As would be known to one of skill in the art, depending upon the first precursor film 12 and the second precursor film 14 chosen and the dimensional parameters of rolls 102 including teeth 110, web substrate 10 of the present invention can exhibit a wide range of physical properties. The web substrate 10 can exhibit a range of textures subjectively experienced as ranging from softness to roughness, a bulkiness ranging from relatively low bulk to relatively high bulk, a tear strength ranging from low tear strength to high tear strength, elasticity ranging from non-elastic to at least 100% elastically extensible, a chemical resistance ranging from relatively low resistance to high resistance depending on the chemical considered, and many other variable parameters generally described as shielding performance, alkali resistance, opacity, wiping performance, water absorbtivity, oil absorbtivity, body fluid absorbtivity, moisture permeability, heat insulating properties, weather ability, high strength, high tear force, abrasion resistance, electrostatic controllability, drape, dye affinity, safety, and the like. In general, depending on the elongation properties of second precursor film 14, the dimensions of apparatus 100 can be varied to produce a web substrate 10 having a wide range of dimensions associated with protuberances 16, including the height H and spacing. Additionally, the protuberances 16 may easily be patterned into lines, filled forms, and selected regions of the laminate web by having the desired pattern displayed in the teeth 110 disposed upon roll 104.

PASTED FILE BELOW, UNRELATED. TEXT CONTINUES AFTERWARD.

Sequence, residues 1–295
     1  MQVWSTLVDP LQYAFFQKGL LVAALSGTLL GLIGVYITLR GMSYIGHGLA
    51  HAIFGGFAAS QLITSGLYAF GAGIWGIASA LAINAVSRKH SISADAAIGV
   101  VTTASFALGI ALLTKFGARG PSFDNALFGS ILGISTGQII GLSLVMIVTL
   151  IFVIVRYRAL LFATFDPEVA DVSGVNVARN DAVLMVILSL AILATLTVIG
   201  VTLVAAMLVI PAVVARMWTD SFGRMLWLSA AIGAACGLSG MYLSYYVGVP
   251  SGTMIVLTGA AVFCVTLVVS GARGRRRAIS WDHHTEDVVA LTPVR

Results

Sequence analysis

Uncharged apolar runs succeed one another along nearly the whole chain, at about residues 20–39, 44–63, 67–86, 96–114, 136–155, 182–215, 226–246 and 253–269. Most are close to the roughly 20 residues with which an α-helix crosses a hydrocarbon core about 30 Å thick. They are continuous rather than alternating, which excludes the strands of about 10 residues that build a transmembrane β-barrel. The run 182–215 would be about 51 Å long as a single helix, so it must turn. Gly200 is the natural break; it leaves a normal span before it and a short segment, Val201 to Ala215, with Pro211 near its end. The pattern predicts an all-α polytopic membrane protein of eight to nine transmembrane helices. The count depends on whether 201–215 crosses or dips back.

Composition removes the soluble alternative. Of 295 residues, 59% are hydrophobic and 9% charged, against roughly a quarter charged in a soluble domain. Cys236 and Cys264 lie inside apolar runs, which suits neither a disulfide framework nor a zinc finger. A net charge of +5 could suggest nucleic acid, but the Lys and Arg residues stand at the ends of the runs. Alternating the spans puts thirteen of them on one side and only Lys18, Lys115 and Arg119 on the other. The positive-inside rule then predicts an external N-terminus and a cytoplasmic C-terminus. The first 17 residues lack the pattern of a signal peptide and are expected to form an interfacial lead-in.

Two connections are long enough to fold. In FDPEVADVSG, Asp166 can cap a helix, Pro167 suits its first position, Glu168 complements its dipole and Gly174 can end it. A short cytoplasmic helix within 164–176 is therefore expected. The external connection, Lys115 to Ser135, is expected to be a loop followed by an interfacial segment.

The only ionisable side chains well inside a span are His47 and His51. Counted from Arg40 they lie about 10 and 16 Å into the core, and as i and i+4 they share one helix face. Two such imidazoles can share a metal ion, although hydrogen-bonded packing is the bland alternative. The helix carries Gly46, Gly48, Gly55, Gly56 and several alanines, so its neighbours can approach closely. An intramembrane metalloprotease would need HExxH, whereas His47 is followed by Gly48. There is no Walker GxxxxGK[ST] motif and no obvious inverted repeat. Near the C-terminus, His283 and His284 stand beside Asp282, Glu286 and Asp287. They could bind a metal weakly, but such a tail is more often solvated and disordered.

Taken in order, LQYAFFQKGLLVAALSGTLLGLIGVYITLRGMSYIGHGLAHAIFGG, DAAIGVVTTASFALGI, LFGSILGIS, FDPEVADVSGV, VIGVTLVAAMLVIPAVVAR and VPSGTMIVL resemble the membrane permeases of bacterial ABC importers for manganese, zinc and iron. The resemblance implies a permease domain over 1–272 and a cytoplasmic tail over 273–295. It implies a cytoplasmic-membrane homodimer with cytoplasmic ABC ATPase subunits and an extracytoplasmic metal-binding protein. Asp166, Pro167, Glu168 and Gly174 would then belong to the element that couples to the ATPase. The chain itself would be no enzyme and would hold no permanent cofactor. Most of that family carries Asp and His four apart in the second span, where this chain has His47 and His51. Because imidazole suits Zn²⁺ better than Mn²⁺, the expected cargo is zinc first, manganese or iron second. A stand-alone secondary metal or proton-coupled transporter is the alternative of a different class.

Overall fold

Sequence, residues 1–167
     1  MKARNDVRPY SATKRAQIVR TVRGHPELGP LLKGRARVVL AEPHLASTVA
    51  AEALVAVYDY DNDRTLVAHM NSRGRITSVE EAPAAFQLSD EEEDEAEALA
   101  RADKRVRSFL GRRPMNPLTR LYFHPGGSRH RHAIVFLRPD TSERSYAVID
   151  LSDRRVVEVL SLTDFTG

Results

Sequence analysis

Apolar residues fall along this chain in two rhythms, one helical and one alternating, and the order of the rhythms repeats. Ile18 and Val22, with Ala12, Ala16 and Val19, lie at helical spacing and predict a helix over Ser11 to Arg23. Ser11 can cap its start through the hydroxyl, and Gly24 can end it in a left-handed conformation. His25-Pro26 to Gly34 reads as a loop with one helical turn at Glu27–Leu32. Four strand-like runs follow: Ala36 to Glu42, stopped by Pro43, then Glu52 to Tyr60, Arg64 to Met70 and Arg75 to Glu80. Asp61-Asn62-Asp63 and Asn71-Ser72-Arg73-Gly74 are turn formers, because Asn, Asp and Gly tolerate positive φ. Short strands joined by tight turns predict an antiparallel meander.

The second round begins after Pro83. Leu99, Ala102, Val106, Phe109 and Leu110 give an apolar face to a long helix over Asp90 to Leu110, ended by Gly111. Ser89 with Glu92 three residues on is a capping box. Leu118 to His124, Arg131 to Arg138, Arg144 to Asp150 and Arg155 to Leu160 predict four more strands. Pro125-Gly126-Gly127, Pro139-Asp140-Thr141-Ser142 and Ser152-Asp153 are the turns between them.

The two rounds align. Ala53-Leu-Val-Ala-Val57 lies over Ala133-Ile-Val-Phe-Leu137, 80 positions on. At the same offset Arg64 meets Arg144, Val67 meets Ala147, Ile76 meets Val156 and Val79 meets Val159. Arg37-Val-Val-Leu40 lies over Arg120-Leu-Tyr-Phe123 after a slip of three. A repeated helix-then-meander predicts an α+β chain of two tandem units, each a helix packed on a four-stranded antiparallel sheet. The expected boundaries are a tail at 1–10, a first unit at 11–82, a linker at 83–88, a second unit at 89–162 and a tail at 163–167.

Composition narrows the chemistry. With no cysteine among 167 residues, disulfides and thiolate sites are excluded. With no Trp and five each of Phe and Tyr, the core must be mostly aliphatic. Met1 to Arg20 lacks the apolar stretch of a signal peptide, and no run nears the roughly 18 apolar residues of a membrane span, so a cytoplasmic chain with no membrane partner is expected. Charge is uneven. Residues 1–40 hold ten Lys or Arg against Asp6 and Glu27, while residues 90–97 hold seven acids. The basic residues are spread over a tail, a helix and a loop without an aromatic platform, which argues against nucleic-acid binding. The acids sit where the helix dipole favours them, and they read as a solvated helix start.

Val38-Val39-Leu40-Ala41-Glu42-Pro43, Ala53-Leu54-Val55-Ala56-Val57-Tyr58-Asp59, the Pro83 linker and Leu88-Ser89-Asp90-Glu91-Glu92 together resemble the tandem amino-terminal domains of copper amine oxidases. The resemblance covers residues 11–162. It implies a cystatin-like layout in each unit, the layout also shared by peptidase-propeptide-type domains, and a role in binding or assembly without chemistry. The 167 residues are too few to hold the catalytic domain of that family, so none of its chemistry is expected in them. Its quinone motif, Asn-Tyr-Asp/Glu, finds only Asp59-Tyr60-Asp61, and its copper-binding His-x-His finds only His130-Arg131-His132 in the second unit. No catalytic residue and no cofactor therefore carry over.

Web substrate 10 may be used for a wide variety of applications including, but not limited to, sheets for various electric appliances such as capacitor separator paper, floppy disk packaging material, various industrial sheets such as tacky adhesive tape base material, various medicinal and sanitary sheets such as surgical gown covering material, cap, mask, diaper liners, diaper covers, feminine napkin covers, shopping bags, suit covers, pillow covers, agricultural sheets such as ground covers and erosion control devices, cooling and sunlight shielding cloth, lining, curtains, sheets for overall covering, light shielding materials, floor coverings, wrapping materials of pesticides, laboratory gowns and dust preventive clothes, various sheets for civil engineering buildings such as house wraps, drain materials, separation materials, overlays, roofing materials, wall interior materials, soundproof or vibration reducing sheet materials, curing sheet materials, automobile interior sheets such as floor mats and trunk mats, molded ceiling materials, headrests, lining cloths and separator sheets usable for alkaline batteries. Web substrate 10 may also be used for cleaning a surface. The surface may be a soft surface such as skin on the face or body or a hard surface such as a floor, counter, table, or desk. A body wash cloth, facial cleansing implement, pedicure pad, and other skin cleansing implements may utilize the web substrate 10. Hard surface cleaning implements include a scrubbing and cleansing strips, wipes, and mops are also desired. Further, web substrate 10 can be coated or treated with other lotions, medicaments, cleaning fluids, antibacterial solutions, emulsions, fragrances, surfactants, and the like. As would be known to one of skill in the art, second precursor film 14 can be provided with at least one fragrance that can be activated upon use of the web material 10. By way of example, a base fragrance can be extruded with the film comprising second precursor film 14 that is subsequently formed into web substrate 10, as discussed supra. Such a fragrance could be released into the surrounding environment on a continuous basis. Alternatively, a mixture of an encapsulated mixture containing a fragrance can be applied onto second precursor film 14. In a preferred embodiment, such a mixture would not release a fragrance until the appropriate sheer force was applied to the capsule. Such an appropriate sheer force can be applied by stretching the polymeric films that have been used as first precursor film 12 and second precursor film 14 to produce web substrate 10, as described herein.